Learn more about the benefits of registering on the new BJS website

Ruptured popliteal artery aneurysm. BJS 2018; 105: 1753-1758.

Published: 24th July 2018

Authors: A. Cervin, H. Ravn, M. Björck


Popliteal artery aneurysms (PAAs) are generally complicated by thrombosis and distal embolization, whereas rupture is rare. The aim of this study was to describe the clinical characteristics and outcome in a cohort of patients who had surgery for ruptured PAA (rPAA).


Operations for rPAA were identified from the Swedish Vascular Registry, Swedvasc, 1987–2012. Medical records and imaging were reviewed. Comparison was made with patients treated for PAA without rupture.


Forty‐five patients with rPAA were identified. The proportion with rupture among those operated on for PAA was 2·5 per cent. Patients with rPAA were 8 years older (77·7 versus 69·7 years; P < 0·001), had more lung and heart disease (P = 0·003 and P = 0·019 respectively), and a larger mean popliteal aneurysm diameter (63·7 versus 30·9 mm; P < 0·001) than patients with PAA treated for other indications. At time of surgery, 22 of 45 patients were already receiving anticoagulants, seven for concomitant deep venous thrombosis (DVT) in the affected leg. There was extensive swelling of the whole leg in 20 patients. In 27 patients, the initial diagnosis was DVT or a Baker's cyst. All patients underwent surgery, all but three by the open method. There were four amputations, all performed within 1 week of surgery. One year after surgery, 26 of the 45 patients were alive. Among these, the reconstructions were patent in 20 of 22 patients.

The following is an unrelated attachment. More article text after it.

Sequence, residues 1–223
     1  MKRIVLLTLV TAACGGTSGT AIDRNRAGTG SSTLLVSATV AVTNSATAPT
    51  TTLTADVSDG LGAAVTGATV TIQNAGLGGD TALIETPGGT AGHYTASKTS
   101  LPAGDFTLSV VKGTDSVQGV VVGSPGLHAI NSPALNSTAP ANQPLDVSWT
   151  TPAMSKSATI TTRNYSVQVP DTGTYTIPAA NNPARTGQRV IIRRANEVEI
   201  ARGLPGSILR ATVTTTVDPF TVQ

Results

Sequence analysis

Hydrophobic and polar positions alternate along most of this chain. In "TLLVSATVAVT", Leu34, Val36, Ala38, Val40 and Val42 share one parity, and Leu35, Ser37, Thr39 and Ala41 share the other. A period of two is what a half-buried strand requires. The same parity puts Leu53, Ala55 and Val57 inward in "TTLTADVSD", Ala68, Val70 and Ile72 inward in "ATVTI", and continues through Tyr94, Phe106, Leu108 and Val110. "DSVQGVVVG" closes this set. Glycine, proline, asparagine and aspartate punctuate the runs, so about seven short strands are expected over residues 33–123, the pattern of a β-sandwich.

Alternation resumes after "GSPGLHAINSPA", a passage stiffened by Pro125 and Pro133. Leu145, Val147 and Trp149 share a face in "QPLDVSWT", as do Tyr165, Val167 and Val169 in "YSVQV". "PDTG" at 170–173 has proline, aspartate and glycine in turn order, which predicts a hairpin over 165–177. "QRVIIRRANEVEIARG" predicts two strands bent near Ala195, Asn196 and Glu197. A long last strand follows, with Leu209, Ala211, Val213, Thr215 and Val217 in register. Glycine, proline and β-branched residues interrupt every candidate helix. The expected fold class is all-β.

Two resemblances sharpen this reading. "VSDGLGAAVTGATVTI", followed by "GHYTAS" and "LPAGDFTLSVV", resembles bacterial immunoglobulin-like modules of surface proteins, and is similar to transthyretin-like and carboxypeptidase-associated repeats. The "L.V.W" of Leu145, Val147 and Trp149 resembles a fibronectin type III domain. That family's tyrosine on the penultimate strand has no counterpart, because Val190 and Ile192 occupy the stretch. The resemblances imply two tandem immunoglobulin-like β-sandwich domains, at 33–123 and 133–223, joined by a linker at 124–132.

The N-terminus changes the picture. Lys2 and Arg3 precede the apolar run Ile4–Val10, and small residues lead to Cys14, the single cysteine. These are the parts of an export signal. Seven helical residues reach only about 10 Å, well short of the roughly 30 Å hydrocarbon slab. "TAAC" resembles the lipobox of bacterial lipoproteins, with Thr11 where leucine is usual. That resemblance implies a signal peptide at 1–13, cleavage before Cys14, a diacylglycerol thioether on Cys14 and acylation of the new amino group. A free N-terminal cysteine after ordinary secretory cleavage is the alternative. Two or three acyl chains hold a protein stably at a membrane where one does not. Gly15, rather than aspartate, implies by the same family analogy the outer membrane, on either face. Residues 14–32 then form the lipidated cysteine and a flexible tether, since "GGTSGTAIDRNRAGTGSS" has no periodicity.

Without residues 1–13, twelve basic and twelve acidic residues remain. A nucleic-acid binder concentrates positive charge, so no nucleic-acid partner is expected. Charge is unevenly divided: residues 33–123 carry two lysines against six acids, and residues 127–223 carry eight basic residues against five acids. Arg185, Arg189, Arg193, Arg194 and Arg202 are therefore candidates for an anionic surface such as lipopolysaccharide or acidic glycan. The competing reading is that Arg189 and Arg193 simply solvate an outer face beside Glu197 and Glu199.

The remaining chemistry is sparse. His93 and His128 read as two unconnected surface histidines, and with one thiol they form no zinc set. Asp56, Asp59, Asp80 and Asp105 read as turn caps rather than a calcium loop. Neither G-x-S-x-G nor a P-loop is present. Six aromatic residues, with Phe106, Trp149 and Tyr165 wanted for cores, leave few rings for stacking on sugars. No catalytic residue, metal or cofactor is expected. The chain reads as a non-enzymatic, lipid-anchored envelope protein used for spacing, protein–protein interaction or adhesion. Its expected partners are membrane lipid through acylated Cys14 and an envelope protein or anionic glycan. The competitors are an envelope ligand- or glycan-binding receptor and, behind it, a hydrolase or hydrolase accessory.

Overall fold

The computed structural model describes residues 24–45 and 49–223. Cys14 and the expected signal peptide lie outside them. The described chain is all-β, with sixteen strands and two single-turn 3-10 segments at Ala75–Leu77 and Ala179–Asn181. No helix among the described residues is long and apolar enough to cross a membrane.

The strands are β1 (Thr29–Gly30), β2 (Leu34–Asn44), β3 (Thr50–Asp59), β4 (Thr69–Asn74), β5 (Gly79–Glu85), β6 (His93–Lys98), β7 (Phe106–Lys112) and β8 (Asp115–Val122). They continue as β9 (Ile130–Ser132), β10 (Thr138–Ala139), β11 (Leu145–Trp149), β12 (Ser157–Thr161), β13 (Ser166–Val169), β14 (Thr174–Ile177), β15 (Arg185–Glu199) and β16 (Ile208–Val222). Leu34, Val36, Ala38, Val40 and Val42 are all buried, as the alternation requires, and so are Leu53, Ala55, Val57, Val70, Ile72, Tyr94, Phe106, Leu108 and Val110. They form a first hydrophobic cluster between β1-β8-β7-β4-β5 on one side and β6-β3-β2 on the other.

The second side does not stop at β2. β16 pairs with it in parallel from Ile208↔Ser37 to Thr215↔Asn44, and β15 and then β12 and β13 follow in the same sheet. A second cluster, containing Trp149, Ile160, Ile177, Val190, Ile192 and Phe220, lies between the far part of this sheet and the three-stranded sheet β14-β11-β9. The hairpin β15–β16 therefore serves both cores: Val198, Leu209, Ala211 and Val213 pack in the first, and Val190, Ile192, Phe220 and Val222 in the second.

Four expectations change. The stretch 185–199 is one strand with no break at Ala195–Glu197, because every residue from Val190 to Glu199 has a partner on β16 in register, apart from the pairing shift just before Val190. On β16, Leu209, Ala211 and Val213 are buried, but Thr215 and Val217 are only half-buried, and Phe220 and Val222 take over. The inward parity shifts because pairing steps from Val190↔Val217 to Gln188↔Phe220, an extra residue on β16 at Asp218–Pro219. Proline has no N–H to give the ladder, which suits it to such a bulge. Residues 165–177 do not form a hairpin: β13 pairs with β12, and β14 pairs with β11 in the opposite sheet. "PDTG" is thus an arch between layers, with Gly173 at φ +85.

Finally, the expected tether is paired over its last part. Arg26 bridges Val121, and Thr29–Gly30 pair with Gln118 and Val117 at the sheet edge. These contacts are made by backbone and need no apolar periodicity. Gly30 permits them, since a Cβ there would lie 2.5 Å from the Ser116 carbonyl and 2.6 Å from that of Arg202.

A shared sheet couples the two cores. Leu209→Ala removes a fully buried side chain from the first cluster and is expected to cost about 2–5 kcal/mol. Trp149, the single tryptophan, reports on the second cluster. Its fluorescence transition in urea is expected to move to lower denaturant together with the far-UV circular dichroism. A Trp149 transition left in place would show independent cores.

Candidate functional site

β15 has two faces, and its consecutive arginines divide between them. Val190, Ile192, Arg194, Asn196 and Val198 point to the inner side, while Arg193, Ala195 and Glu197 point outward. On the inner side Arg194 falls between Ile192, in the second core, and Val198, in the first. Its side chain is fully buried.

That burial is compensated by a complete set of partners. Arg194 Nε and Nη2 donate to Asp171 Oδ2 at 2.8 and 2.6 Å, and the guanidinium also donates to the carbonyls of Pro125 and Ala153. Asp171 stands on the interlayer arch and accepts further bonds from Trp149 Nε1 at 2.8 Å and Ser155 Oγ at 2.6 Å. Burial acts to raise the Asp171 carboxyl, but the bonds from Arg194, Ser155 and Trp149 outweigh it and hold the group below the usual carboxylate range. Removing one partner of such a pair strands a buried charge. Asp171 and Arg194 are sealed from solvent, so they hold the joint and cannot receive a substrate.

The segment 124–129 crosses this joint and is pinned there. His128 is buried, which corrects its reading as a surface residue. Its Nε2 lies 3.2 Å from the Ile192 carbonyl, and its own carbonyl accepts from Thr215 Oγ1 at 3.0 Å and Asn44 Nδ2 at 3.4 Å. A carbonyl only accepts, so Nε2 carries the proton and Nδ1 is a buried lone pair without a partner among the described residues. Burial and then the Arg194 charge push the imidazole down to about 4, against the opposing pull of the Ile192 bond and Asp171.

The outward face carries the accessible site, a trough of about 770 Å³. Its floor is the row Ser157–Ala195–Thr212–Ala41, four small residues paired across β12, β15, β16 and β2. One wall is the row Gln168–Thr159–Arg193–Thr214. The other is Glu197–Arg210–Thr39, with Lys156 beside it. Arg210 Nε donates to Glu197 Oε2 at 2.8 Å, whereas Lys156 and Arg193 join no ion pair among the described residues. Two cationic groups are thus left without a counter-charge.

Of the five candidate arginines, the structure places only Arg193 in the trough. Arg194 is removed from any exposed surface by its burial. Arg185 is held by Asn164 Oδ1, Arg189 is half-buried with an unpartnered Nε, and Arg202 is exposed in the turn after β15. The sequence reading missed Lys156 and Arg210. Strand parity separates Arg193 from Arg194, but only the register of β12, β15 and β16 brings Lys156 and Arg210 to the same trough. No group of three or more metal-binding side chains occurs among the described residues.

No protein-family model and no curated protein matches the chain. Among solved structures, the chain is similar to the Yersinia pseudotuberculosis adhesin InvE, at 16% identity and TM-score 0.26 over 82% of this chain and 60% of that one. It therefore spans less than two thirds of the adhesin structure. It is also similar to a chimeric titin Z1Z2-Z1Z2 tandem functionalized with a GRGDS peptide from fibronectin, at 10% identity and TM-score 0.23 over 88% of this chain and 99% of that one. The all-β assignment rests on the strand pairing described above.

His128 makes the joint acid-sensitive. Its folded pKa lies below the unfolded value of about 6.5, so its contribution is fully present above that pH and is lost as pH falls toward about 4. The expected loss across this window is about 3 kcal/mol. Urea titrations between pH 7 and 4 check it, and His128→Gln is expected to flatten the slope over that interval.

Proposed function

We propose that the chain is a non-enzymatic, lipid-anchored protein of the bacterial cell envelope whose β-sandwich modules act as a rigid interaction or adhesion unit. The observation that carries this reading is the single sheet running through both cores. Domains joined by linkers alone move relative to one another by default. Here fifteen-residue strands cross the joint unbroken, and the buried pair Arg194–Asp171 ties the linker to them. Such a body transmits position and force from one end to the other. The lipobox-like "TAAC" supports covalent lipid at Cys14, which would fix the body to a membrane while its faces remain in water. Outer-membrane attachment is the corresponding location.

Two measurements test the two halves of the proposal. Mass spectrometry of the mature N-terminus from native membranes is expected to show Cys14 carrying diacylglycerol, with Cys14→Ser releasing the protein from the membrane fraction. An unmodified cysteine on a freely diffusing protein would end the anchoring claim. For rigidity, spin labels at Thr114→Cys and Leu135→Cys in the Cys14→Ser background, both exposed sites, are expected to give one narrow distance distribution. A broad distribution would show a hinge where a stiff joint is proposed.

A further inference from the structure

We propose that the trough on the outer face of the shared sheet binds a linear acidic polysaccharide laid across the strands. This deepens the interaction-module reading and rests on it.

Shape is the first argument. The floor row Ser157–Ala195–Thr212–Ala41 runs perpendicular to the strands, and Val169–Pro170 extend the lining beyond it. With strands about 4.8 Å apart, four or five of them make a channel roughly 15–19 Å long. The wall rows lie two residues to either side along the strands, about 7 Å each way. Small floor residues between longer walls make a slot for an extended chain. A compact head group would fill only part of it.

The diagnosis of rPAA is difficult, and often delayed. The condition affects old patients, who often are on anticoagulation treatment and have large aneurysms. The immediate surgical results are acceptable, but the condition is associated with a high risk of death within the first year after surgery.

Full text

Your comments